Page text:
And the Winner, by a Head . . .
The last rays of sun beat down on the skittish competitors. They pranced, they preened, they practically whinnied. Samantha Corrigan was the favorite starting out, but the crowd's attention turned when Marnell Bruce made her way to the front of the pack.
The Preakness? Not quite. It was the Woodrow Wilson House's 16th Annual Garden Party (and unofficial hat contest) Wednesday evening at presidential museum. Don't let the quaint stereotype fool you. "It's very competitive," said museum Director Frank Aucella. "Not to be sexist, but you know ladies."
Ineligible to compete, the party's chairwomen busied themselves at the door keeping tabs on the 300 incoming guests like oddsmakers at the track. "Oh, my goodness! It looks like a garden arrived!" exclaimed co-chairwoman Sharon Leininger Nemeroff at the sight of Bruce's wide-brimmed straw hat abloom with vibrant flora and faux bumblebees. "I knocked myself out, and I'm planning to win," said a determined Bruce, who, in fact, won the "Breath of Spring" category.
Even the gentlemen's competition seemed ridden with female ambition. "It's for my husband, but he doesn't know it yet," confided Corrigan as she held a khaki safari cap covered in real dead cicadas and cicada shells (yuck!) -- a buggy confection that fetched "His Best" honors for her husband, James. Corrigan herself won "Hat That Created the Greatest Buzz" for her grass-covered creation topped with fake butterflies suspended from pipe cleaners.
Although fundraising was the event's raison d'etre ($30,000 this year), everyone was clearly infected by the hat bug. Sarah Cannova, co-owner of Georgetown's Sassanova shoe boutique, sported an electric blue and flamingo pink feather topper. "It's all for the love -- the sport -- of hats."
Playing With the Big Girls
Forget "Mean Girls." Think "Smart Girls." More than 450 of Washington's alpha females gathered Thursday to remind themselves that brains always trump bust lines in the long run.
The luncheon at the Grand Hyatt Hotel, hosted by co-chairwomen BET President Debra Lee and Howard professor emerita Roselyn Payne Epps, celebrated the new Washington chapter of Girls Inc. The former Girls Clubs organization has a 21st-century name and a broad mission: to inspire young women (especially from low-income families) to be strong, smart and bold. And along the way, happy, succesful and comfortable in their skin.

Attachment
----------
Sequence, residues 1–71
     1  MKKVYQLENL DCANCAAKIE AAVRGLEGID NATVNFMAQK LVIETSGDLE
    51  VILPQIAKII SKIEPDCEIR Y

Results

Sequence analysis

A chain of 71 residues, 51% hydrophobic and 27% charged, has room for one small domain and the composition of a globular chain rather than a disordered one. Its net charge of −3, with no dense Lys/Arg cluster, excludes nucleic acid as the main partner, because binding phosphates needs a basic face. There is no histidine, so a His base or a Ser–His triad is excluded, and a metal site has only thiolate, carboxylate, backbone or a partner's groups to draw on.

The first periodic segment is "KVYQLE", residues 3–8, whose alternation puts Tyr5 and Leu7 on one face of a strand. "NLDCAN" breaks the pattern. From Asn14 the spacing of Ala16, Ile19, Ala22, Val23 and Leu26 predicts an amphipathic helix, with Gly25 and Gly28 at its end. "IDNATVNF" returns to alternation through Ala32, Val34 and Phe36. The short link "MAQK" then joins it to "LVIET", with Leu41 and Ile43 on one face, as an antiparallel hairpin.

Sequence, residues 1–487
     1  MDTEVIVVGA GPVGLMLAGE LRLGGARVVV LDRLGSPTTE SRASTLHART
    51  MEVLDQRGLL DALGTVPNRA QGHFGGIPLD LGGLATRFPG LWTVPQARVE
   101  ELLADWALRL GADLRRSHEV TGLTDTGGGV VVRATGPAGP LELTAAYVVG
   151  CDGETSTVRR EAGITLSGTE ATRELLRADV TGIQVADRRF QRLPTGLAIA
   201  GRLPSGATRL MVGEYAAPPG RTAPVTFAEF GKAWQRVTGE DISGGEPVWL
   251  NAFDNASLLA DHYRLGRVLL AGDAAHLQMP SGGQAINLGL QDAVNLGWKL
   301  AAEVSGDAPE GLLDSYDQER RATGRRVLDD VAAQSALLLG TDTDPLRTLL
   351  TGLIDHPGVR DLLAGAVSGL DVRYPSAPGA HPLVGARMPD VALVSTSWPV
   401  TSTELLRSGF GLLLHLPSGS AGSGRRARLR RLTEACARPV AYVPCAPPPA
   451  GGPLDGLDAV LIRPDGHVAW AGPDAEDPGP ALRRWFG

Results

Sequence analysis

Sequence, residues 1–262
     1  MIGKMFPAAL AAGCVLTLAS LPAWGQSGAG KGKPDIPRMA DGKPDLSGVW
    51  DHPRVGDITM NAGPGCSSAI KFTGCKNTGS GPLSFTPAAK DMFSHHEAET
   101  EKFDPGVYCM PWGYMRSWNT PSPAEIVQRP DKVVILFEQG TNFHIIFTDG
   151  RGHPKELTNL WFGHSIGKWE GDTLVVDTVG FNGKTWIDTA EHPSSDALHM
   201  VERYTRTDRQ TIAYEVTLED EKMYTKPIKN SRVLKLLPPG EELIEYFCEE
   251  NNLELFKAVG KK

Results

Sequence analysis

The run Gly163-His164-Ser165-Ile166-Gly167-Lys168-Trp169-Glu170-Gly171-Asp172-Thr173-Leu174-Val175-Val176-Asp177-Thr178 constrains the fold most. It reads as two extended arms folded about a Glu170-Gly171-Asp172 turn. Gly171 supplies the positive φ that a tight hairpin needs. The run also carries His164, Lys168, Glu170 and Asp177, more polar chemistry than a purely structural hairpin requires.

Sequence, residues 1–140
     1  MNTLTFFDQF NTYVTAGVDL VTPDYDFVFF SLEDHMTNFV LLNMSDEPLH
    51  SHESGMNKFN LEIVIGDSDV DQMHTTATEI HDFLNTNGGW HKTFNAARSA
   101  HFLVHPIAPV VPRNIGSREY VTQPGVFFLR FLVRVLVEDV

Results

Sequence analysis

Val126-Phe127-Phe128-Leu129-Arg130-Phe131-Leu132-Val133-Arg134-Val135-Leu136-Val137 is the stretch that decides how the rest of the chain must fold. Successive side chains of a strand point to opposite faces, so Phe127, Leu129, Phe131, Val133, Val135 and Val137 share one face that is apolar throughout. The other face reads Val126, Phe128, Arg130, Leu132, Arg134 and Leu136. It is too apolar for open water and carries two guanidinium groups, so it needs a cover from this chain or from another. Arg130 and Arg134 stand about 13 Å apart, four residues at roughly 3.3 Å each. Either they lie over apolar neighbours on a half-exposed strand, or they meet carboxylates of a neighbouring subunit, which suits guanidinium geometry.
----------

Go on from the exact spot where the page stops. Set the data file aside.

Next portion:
It seems to be working. Girls Inc., said 17-year-old national scholar Jennifer Nichols, helped her "stand up to a culture that needs a makeover more than any girl or woman I know" -- a line greeted with appreciative hoots and applause from the crowd.
The luncheon honored Sen. Mary Landrieu, Rep. Shelly Moore Capito, General Motors Foundation veep Debbie Dingell and Crowell & Moring lawyer Karen Hastie Williams. "It's women helping women," said Dingell. "Celebrating both the strength of girl power when we're together, and reaching the next generation."
Nonpareils in the Struggle for Equality
There were dozens of events last week marking the 50th anniversary of the landmark Brown v. Board of Education decision. Thursday night's Hubert H. Humphrey Civil Rights Awards Dinner at the Washington Hilton was a celebration and reaffirmation wrapped into one.
"That decision dismantled the concept of segregation in our life," said civil rights legend Dorothy Height. "There are backward steps that have been made, and a distance yet to go."
But the 950 guests felt that distance grow shorter as radio host Tom Joyner, workers' rights leader Gerald McEntee and Qualcomm Inc. founder Irwin Jacobs were honored for advancing the causes of civil rights, economic justice and education reform. The evening raised $750,000 for the Leadership Conference on Civil Rights.
With Laura Thomas